The following is a guest post by Chelcie Rowell, 2012 Junior Fellow.
At the opening keynote of DigitalPreservation 2012, Anil Dash exhorted the digital preservation community to build bridges to other groups, from the tech community to everyday people.
Just a few days later, Emily Reynolds and I got to practice talking about digital preservation with a diverse audience at the 2012 Junior Fellows display at the Library of Congress. Along with 36 other fellows, Emily and I presented the products of our work this summer. For us, those products included outreach videos featuring Library staff talking about how their division manages digital content over its life cycle, as well as a policy analysis of existing digital preservation practices. Just as meaningfully, the Junior Fellows display also gave us an opportunity to step to the front lines of digital preservation outreach.
Earlier on The Signal, Erin Engle wrote about developing a 30-second description for family and friends about her digital preservation work. The conversation generated in the comment thread noted the importance of analogies when talking about digital preservation to a new audience, such as how the many volumes in the complete correspondence of Thomas Jefferson compared to the 6 million emails churned out in each year of the Clinton White House.
Analogies such as these vividly illustrate the challenges faced by managers of digital content. Another strategy is to give your audience something they can hold in their handsobjects like a 8 floppy, Nintendo Entertainment System cartridge and 1970s-era disk pack.
Luckily, at the Junior Fellows display we had all three, borrowed from the desks of resident OSI geeks. We found that nothing draws people into a conversation about digital preservation like something you can touch.
Almost everyone commented on the 8 floppy disk. Teenagers and young adults asked why we included a Super Mario Nintendo cartridge in our display. Second-generation technologists, who caught glimpses of server stacks as children, crossed the room to see a 1970s-era disk pack up close. Resembling a stack of LP records, a disk pack is the component of a hard drive that stores data and spins while its being read. The particular disk pack we displayed was one of the first removable storage media.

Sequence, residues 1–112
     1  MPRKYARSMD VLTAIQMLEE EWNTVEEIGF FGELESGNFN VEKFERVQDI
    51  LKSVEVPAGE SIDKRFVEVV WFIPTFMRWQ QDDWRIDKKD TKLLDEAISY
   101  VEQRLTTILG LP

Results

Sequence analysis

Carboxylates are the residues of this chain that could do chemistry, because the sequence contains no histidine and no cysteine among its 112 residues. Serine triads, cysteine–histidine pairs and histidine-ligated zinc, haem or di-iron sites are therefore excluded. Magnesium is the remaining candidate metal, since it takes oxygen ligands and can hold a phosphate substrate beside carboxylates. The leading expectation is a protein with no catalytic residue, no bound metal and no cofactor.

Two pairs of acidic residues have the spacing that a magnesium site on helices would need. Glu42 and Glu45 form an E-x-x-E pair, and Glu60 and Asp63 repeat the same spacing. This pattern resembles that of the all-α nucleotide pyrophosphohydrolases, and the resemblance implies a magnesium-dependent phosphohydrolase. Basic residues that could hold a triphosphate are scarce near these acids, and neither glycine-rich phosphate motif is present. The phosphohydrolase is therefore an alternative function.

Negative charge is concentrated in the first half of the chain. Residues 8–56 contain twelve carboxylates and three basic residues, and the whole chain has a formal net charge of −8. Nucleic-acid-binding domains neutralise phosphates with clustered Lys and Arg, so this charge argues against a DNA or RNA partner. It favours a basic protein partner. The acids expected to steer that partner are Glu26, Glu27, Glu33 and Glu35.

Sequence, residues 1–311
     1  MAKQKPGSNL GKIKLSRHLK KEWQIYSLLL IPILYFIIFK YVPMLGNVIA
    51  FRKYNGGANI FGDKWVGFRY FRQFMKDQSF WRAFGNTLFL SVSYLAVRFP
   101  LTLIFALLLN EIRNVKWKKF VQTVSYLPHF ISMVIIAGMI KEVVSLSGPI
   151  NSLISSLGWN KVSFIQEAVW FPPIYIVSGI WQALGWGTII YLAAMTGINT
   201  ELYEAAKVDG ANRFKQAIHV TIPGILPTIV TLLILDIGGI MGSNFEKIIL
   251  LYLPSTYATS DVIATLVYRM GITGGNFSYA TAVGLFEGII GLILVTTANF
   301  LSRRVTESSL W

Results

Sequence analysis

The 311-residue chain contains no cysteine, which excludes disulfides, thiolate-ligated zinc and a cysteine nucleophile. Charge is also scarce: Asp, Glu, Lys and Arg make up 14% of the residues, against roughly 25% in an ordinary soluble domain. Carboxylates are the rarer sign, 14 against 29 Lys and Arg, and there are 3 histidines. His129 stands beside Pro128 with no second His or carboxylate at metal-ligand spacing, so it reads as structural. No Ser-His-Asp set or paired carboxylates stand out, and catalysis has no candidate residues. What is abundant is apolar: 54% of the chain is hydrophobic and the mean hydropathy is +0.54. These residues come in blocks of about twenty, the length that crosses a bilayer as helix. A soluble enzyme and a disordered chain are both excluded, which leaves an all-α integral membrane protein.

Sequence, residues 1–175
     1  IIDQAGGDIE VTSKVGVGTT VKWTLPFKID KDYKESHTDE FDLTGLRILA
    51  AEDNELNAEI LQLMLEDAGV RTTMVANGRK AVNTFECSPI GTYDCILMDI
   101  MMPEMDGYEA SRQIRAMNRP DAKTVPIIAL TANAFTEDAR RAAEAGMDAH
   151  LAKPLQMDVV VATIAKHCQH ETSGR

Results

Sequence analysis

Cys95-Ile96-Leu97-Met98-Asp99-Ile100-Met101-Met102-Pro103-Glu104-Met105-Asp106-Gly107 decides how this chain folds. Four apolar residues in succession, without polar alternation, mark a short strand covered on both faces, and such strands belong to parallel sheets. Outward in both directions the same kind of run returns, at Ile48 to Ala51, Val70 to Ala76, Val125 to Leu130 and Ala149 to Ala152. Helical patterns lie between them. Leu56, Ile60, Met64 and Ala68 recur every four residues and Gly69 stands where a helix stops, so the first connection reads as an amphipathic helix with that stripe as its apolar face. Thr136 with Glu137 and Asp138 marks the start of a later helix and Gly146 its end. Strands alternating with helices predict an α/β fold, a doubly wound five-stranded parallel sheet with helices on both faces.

Each of these objects spoke to core digital preservation threats, such as hardware dependency and media obsolescence. Its intuitive that you need the 1985 Nintendo system to play the game cartridge. Similarly, almost everyone who visited our display recognized the 8 floppy, but no one had the drive to read it.
The more we talked with different people, we were surprised to realize at least one characteristic shared by the 8 floppy, cartridge and disk pack. Although the disk pack dates to the 1970s and the others date to the mid-1980s, all are examples of removable storage media.
At the same time, setting these objects next to one another revealed interesting points of contrast. The game cartridgedesigned to be played again and again and again by childrenseemed indestructible in contrast to the fragile 8 floppy.
The disk pack was definitely the least familiar object on our display table, but even it afforded comparisons with more familiar storage media. For example, instead of inscribing data onto the disk by means of grooves in vinyl (like a record) or by means of a laser (like a CD or DVD), data on disk packs was stored magnetically.
What communication strategies do you use when talking about digital preservation with different audiences? How do you encourage people to see themselves as preservationists? Let us know in the comments!